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Writing a physics report about hydrochloricacid

  1. Dec 13, 2004 #1
    I am writing a physicsreport about hydrochloricacid, but I have a quick question, and I don't have time to ask my teacher so I hope you can help me.

    I am making hydrochloricacid from NaCl and [tex] NaHSO_4 [/tex], then I get HCl and [tex] Na_2 SO_4 [/tex], and when let the HCl get in contact with water it becomes acid. My question is, can you then make 100% (or 99% if you want) hydrochloricacid by adding 470 times more HCl as water or is the HCl somehow not as strong as if you had done it other ways?

    I know this may sound incredible stupid, but I want to be 100% that my answer is correct.

    Thanks a bunch in advance.
     
  2. jcsd
  3. Dec 13, 2004 #2
    If that is correct then what I am being thought is wrong (which shouldn't really suprise me that much, although what I have been taught here made sence). Let me try explaining this again.
    We were warming it up, so that:

    [tex]NaCl + NaHSO_4 > HCl + Na_2 SO_4 [/tex]

    If I didn't make HCl what the **** was that gas making me cough then?
     
  4. Dec 14, 2004 #3
    What does 100% refer to?
    The molarity or..?
    Hydrogen chloride is not extremely soluble as hydrogen iodine in water.
    There is a limit of decomposition of HCl. After that any HCl gas put in stay in form of gas in the water as it can't dissolve.
     
  5. Dec 14, 2004 #4
    100% refers to how concentrated the acid is. Like you can have 2M acid. 100% is simply the most concentrated hydrochloricacid you can get (that is 470 times more HCl than water).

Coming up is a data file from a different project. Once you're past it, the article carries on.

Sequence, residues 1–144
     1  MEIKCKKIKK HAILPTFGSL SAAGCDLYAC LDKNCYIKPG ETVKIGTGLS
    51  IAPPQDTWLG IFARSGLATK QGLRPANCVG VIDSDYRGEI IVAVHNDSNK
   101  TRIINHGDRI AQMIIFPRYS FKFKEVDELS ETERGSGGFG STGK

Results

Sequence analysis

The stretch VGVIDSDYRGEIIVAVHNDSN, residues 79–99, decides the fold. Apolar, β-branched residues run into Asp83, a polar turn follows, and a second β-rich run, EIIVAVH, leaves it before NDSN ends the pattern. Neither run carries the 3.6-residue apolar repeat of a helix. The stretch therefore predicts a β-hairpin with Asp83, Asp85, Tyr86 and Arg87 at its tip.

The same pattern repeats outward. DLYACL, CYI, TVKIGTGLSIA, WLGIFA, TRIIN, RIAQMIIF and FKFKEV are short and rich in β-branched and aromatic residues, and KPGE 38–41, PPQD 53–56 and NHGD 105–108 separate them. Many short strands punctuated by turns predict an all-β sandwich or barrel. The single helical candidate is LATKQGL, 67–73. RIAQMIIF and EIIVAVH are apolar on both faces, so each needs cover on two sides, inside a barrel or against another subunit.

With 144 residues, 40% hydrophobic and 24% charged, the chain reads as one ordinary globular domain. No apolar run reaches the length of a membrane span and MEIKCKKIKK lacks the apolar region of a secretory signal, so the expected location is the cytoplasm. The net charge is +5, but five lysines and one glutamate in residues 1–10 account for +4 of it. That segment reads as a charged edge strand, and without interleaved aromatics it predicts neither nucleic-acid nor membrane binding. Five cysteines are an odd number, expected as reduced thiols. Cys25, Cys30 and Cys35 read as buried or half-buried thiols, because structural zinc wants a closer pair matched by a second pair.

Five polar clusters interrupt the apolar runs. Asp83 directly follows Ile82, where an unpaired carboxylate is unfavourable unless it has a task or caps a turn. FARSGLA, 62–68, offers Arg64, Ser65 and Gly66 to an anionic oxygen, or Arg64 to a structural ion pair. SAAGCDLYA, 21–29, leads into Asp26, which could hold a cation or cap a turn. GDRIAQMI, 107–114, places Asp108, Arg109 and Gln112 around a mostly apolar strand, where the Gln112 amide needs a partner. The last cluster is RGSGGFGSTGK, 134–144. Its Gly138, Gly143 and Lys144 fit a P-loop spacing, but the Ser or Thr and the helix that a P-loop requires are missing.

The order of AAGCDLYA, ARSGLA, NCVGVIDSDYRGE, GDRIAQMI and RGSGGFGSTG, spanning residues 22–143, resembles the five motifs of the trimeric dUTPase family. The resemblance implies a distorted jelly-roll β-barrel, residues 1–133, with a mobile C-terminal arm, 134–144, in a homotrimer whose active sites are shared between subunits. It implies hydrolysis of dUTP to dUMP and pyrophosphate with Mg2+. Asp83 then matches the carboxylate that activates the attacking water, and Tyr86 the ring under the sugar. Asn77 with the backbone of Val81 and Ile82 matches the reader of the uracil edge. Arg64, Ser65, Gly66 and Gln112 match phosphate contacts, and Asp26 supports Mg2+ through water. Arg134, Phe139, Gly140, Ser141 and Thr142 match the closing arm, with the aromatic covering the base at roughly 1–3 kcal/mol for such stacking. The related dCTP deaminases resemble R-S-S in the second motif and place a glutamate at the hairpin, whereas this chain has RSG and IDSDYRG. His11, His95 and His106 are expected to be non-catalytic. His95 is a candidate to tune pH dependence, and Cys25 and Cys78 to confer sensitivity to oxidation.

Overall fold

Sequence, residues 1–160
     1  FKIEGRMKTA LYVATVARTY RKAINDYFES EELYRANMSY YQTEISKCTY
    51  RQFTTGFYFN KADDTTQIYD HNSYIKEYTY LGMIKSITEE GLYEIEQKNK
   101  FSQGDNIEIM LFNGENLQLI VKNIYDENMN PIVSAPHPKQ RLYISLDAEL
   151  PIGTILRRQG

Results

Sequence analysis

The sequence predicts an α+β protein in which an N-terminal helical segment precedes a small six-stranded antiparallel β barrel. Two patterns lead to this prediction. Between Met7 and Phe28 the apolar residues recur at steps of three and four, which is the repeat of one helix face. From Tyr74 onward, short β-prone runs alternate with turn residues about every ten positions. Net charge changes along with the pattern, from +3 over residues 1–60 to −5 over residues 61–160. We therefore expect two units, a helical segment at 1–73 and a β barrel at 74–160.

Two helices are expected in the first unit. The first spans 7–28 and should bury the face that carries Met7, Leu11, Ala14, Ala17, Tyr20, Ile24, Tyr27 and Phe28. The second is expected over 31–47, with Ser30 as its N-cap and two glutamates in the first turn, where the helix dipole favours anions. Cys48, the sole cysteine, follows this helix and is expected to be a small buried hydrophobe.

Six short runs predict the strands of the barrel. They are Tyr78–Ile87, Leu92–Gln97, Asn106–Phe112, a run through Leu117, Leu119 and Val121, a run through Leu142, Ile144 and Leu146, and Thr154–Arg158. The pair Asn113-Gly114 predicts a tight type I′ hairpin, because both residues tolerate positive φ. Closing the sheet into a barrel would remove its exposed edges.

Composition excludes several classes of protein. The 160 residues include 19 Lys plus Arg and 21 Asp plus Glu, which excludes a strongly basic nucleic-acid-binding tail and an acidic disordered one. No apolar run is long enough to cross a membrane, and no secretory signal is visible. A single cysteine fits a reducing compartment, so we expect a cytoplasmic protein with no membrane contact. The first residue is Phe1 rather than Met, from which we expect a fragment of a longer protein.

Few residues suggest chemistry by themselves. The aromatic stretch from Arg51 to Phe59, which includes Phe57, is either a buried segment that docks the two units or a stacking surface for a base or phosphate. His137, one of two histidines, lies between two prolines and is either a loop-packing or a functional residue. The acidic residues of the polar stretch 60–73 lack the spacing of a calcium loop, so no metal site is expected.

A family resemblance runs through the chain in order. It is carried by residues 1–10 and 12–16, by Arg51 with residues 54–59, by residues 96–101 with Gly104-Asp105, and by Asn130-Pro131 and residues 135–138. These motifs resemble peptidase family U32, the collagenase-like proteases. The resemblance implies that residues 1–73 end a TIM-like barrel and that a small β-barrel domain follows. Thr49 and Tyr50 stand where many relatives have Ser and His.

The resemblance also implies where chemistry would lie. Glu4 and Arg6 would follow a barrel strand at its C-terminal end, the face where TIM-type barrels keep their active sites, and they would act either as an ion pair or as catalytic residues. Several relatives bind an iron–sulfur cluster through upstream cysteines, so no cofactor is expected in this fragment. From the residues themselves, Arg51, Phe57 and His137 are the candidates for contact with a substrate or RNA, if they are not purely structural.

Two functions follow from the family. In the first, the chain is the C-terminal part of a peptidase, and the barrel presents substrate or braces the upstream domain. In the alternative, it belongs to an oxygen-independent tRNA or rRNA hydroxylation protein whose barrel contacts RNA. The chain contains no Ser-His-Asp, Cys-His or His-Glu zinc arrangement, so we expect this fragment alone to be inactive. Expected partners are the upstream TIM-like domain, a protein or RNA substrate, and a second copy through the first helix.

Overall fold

My question is if it is possible to make 100% concentrated hydrochlrocicacid by just adding 470 times more HCl than water, no matter how the HCl was created?
     
  6. Dec 14, 2004 #5
    "Hydrochloric acid" is two words!
     
  7. Dec 14, 2004 #6
    Oh sorry, english isn't my primary language... but I gotta admit it was pretty hard to spell in one word :)
     
  8. Dec 14, 2004 #7

    dextercioby

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    Well,your reaction is not gonna go that easily,since the poor choise of reactants.Note that the ion [itex] HSO_{4}^{-} [/itex] has a smaller acid constant (is a weaker acid) when it loses a proton,than the neutral [itex] H_{2}SO_{4} [/itex] losing a proton.So my,guess is that u get more HCl by puttin' sulphuric acid over a salt of the hydrochloric acid,and to prove it,cf.
    [tex] NaCl+NaHSO_{4}\rightarrow Na_{2}SO_{4} +HCl [/tex]
    [tex] 2NaCl+H_{2}SO_{4} \rightarrow Na_{2}SO_{4} +2HCl [/tex]

    Daniel.
     
    Last edited: Dec 14, 2004
  9. Dec 16, 2004 #8
    That is true, and I have mentioned that way in my report as well, but we are currently not allowed to make it from sulphuric acid, as it is too dangerus for some reason.
    Anyway, thanks for your help just wanted to be sure that what I wrote was correct.
     
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